When I first thumbed through what must be the most comprehensive book on Madonna — it is over 800 pages, about two-thirds the size of an average Bible — I couldn’t believe some of these chapter names: Chapter 1: Pontiac (1958-1963), Chapter 2: Pontiac (1964-1966), Chapter 3: Pontiac (1967-1969), and then three chapters on Rochester Hills and one on Ann Arbor. That’s just the first 51 pages of biographer and former Reuters journalist Mary Gabriel’s very heavy book on Madonna, who almost died recently but, like the seemingly indestructible pop warrior she is, recovered and slapped on some knee pads and wrist splints to finally kick off her Celebration Tour. Whether Madonna was bravely parlaying religion and sex into pop music when it was not popular to do so, defending the queer community when few other famous allies did or setting the pop-music stage for the Beyoncés and Taylors of the world, Gabriel’s book is a meticulous history of an extraordinary trailblazer, a reappraisal that reminds current and future generations who didn’t experience Madonna in real time why we should always celebrate her. In the book, her life and influential career is examined within the context of historical markers that shaped her own personal and professional narrative, from Stonewall to the pill, the Equal Rights Amendment, Roe vs. Wade and the AIDS crisis. “A Rebel Life” is Madonna’s history as much as it is our own. Out now. CA

The Woman In Me,Britney Spears

Britney Spears’ much-anticipated tell-all was even too revelation-heavy for the author herself, who couldn’t read the audio version and enlisted actress Michelle Williams to do so in her place. “It is finally time for me to raise my voice and speak out, and my fans deserve to hear it directly from me,” Spears told People magazine. “No more conspiracy, no more lies — just me owning my past, present and future.” The book traces Spears’s life from her childhood-star roots on “The Mickey Mouse Club” at age 11 through stardom-catapulting moments in the late 1990s and early 2000s, when she released her first two iconic records, “…Baby One More Time” and “Oops!…I Did It Again.” Of course, behind the scenes, her life was tumultuous and tightly governed — she was a constant paparazzi target, she was placed under psychiatric holds and, infamously, in a court-ordered conservatorship. Her father and a lawyer were, until 2021, granted complete control over her financial and personal affairs for 13 years. The put-upon pop icon gets real about all that, including how her family “robbed me of my freedom,” as Spears writes. Her story is finally hers to tell. Out Oct. 24. CA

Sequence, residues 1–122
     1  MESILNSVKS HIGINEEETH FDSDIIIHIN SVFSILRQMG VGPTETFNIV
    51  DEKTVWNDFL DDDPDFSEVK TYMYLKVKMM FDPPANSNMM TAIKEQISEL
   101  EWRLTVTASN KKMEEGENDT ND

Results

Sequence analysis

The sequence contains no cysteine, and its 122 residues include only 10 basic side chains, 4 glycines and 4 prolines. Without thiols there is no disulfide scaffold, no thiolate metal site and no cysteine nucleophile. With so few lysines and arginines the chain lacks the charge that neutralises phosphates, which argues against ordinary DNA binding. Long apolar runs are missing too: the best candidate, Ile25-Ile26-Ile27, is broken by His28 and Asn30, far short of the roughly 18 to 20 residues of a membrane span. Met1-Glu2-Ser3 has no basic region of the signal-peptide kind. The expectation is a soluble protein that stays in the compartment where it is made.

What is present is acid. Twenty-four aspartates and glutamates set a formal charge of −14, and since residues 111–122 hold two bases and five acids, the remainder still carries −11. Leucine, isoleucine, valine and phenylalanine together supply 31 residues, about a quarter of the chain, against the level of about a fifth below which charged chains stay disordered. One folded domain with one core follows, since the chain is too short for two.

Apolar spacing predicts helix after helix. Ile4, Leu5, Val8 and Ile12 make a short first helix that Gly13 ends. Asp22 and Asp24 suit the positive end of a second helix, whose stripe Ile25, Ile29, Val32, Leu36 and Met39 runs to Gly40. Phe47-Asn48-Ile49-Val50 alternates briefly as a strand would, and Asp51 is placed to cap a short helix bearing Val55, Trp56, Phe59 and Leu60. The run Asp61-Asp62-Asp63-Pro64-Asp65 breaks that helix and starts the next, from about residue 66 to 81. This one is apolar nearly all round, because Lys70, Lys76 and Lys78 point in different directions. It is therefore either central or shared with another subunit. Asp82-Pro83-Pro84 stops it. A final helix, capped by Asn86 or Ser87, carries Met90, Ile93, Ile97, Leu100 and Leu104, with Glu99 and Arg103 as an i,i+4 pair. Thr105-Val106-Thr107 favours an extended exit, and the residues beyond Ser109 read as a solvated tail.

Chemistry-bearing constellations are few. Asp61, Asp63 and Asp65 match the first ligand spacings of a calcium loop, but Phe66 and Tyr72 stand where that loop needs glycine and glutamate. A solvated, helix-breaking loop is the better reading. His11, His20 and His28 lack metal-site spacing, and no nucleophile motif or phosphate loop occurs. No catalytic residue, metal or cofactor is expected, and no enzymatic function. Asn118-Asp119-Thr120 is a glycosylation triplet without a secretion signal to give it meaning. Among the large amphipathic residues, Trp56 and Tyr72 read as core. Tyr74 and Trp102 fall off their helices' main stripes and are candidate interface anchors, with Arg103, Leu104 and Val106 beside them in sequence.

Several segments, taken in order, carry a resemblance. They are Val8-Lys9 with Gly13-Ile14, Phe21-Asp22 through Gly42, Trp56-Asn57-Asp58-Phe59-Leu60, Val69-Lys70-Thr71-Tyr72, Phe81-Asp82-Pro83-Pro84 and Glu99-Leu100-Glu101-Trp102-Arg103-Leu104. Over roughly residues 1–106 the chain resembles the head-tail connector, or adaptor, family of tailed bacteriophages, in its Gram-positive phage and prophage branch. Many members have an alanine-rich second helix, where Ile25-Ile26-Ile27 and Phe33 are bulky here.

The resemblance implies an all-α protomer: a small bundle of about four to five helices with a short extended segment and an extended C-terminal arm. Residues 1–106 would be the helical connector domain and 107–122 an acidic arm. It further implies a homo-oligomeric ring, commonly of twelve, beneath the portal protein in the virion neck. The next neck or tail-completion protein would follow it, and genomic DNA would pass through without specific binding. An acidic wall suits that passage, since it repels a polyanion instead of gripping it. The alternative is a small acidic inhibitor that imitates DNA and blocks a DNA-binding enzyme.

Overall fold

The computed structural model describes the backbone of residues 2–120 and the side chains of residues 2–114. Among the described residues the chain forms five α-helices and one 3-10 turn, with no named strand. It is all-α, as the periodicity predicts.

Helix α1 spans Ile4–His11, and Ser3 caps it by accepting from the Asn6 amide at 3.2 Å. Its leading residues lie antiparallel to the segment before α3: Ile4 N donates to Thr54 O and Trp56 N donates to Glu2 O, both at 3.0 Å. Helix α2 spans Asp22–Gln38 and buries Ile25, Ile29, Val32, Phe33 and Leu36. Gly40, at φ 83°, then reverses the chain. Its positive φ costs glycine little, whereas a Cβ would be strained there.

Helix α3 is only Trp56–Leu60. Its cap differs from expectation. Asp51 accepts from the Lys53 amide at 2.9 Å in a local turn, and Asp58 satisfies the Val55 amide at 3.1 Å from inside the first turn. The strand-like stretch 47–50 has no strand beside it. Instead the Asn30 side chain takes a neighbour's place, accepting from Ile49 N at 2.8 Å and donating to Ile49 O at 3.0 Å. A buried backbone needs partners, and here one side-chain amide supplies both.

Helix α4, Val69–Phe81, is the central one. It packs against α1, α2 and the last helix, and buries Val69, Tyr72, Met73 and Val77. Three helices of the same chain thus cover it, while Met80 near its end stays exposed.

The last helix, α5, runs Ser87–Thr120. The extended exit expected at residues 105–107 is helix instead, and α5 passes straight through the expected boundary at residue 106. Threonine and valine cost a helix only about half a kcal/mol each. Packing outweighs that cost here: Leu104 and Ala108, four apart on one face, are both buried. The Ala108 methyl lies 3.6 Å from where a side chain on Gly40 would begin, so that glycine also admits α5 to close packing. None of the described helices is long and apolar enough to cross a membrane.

My Name Is Barbra,Barbra Streisand

If page count is any indication, few stones will go unturned in Barbra Streisand’s first memoir, which clocks in at a whopping 1,040 pages. At 81, Babs has done and seen more than most gay icons, with a spectacular six-decade career that spans film, music, TV and the stage. She even has her very own shopping mall right in her house, which, if you ask me, is an accomplishment right up there with her Kennedy Center Honors, EGOT status and 46 Grammy nominations. What I’m saying is, in addition to promising recounts of her early struggles to becoming an actress and her political advocacy, this book is big enough to give us at least a few chapters on what we also hope to find out: what she thought of Lea Michele in “Funny Girl,” being an LGBTQ+ ally mom to gay son Jason Gould and every last detail on eating “frozen yoghurt with Lady Gaga and Ryan Murphy after casually showing them her “Funny Girl” gowns at her in-home mall. Out Nov. 7.  CA


The Old Gays Guide to the Good Life: Lessons Learned About Love and Death, Sex and Sin, and Saving the Best for Last,the Old Gays of TikTok

When you’ve lived long enough to be called “old,” surviving AIDS and the plight of queer people during the 1960s gay liberation rights movement, maybe it’s time to wear that “old” title just as proudly as the gay one. Enter Mick Peterson, Jessay Martin, Robert Reeves and Bill Lyons, who call themselves the “Old Gays,” and their book “The Old Gays Guide to the Good Life.” The foursome, who consider themselves the real-life Golden Girls of the social media era, or “grandfluencers,” did just that, amassing 11 million followers on TikTok (by comparison, Beyoncé has 5 million, while Taylor Swift has 21.9 million; the guys know how to work the short-form video format is all I’m saying). In the book’s good-humored preface, they draw on their long, enduring histories, “from Hula-Hoops to hot hookups, through protests and parties, witnessing the chaos of the ’60s to the current culture wars.” As current LGBTQ+ generations live through another wave of clamorous anti-queer hate, it’s never a bad idea to check in with the elders who know more than a thing or two about surviving and thriving during the worst of it. Out Nov. 28. CA

‘How to Live Free in a Dangerous World: A Decolonial Memoir,’ Shayla Lawson